When you look at what you did back then, what are you most proud of?
The friendship we had over the years. AVH, DUKE, Mr. Zeropage, Sodan, BKA, Irata, Flash, X-Ample, DXS, MDG, Dynamic Duo (R.I.P.), FAC, Chris Hülsbeck, Maniacs of Noise, Fairlight, Alpha Flight 1970, Level 99 and Red Sector Inc. They were all good friends!
Who were your heroes on the scene and why?
Mr. Zeropage, Mr. Z, Janitor, Crackman, Antitrack, Mr. Cursor, Oliver Stiller, Mario van Zeist for all the knowledge and fun we shared.
What, for you, was the coolest thing ever invented on the C64?
T.I.M.E.X. by Mr. Cursor and border sprites by Flash, closely followed by side border sprites by 1001 Crew and Sodan.
Did you go to any copy-parties, meetings or tradeshows?
Yes and we arranged our own ones too. Check: www.radwar.com/parties/party.htm.
In your opinion, what was the scene all about?
The old scene was all about friendship, team play and fun. When people like Headbanger appeared, it was the outselling of the scene and the war of being the first and making money began.
What were the particular highlights for you?
The Venlo meetings followed by the WDR Computer TV live show which featured us and some friends, and in the evening the Radwar Party. See the report here: www.radwar.com/parties/party2.htm.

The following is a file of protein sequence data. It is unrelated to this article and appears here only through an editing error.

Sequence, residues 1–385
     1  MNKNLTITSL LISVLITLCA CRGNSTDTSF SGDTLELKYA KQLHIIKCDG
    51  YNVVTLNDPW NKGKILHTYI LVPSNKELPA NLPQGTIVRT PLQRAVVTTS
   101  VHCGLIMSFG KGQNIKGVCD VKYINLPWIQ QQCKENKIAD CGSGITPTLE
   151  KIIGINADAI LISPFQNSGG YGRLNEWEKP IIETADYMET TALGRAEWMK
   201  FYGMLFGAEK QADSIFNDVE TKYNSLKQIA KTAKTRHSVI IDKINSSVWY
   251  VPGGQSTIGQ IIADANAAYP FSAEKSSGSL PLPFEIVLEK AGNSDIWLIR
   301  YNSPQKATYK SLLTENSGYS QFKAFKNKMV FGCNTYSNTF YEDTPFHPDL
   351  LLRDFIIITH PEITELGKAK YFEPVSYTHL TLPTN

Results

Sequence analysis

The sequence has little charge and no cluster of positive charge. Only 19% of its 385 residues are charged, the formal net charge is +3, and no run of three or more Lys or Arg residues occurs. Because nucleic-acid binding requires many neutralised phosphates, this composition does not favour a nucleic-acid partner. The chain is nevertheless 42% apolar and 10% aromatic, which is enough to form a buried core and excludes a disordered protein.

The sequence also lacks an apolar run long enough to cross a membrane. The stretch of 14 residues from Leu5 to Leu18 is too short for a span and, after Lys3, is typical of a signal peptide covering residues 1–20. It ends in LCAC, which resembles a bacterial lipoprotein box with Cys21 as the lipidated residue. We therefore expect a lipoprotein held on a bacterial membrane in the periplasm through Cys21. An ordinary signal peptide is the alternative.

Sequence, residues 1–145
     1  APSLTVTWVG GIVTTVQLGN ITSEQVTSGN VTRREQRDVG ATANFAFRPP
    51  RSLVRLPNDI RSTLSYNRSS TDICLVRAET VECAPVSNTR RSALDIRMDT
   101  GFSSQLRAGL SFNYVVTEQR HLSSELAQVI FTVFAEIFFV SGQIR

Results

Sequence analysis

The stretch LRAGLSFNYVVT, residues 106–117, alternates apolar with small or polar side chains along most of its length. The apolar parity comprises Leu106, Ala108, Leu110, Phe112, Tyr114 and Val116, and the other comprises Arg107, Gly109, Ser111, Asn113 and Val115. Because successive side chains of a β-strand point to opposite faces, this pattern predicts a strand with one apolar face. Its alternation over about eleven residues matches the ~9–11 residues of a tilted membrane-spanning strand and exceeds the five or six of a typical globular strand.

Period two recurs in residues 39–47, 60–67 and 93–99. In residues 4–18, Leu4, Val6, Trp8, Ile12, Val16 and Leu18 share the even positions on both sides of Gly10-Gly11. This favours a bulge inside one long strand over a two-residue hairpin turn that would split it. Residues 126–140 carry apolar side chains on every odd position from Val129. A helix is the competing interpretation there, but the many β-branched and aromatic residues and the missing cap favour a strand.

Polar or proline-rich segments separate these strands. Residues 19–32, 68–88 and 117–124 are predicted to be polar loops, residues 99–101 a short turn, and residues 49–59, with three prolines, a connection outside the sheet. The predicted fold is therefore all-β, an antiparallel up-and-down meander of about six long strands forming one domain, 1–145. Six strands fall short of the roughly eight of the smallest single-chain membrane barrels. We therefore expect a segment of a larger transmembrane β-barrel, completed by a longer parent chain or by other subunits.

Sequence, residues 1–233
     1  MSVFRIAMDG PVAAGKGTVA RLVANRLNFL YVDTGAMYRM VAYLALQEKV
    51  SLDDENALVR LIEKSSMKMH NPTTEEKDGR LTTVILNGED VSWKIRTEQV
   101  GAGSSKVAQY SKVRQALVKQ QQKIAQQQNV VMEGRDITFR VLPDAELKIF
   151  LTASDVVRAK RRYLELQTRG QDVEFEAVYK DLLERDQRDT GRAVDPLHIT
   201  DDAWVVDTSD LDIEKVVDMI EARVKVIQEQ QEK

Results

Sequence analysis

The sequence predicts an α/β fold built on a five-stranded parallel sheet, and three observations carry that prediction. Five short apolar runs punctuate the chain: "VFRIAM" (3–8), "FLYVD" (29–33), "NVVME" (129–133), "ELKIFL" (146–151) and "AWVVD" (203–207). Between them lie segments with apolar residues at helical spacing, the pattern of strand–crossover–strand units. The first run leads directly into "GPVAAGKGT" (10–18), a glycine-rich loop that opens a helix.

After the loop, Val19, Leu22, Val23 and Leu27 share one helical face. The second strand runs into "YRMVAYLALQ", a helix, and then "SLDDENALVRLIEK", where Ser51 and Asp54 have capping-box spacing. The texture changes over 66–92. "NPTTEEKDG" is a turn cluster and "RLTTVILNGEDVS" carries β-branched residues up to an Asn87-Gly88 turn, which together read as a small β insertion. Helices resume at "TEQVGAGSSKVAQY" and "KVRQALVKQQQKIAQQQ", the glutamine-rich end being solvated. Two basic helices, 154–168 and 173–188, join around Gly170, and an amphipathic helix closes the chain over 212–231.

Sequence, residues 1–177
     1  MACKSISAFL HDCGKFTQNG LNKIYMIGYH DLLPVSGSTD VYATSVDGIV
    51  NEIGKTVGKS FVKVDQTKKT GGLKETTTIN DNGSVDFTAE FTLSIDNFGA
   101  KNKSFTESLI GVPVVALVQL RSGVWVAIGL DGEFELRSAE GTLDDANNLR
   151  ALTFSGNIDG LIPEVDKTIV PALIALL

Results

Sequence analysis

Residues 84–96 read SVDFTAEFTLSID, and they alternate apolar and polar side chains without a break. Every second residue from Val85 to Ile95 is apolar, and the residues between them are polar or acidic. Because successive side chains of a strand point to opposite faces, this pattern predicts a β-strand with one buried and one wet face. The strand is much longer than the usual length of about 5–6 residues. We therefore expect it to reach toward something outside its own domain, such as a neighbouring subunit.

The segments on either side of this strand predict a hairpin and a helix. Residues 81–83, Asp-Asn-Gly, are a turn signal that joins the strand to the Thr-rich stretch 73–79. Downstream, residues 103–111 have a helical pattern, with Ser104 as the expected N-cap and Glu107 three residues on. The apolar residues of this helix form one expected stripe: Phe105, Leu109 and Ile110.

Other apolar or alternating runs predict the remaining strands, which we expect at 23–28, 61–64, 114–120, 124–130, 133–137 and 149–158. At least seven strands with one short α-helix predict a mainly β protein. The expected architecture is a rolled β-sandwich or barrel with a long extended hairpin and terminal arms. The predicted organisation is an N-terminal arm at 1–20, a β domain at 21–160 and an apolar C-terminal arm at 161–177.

Any cool stories to share with us?
The 5th Radwar Party (held in 1990) was once again a summer camping that ended up in the rain. The meadow was completely ruined after those three days. The grass was either burned or destroyed by the people. The two toilet cabins were forgotten by the company from which we rented them from and they stood there the whole next week. Almost no one had used them but we had to pay 800 DM for them anyways! Today if you meet a Radwar member and he suddenly starts to groan, be sure he just spotted a toilet cabin.
Are you still in contact with any old C64 people today?
Yes, I am! AVH, DUKE, Mr. Zeropage, Sodan, BKA, Irata, X-Ample, DXS, MDG, Danish Gold, FAC, Chris Hülsbeck, Maniacs of Noise, Fairlight, Alpha Flight 1970 and (T)RSI.
When did you get your C64 and do you still have it lying around somewhere?
I got it for Christmas in 1983 and I still have it here beside me. ;-)
Was the C64 really as special as we like to think it was?
Yes, and without it my life would have gone in to a completely different direction, that's for sure!
When can we expect to see some new C64 output from you? :)
Well, maybe next year. A couple of ideas for a kewl 4 kB demo are in our heads. ;-)
Do you have a message for your old contacts and/or anyone reading this?
Let's say it with my friends’ words: You could feel the spirit that tied the scene together. There were no fights, no wars, no smashed glasses and no painted walls. There were friendship and fun. You nearly knew everybody and there were no "elites" and no "lamers". Those who had software gave it to those who didn't. I never felt this again. (AVH 9th of January 1988)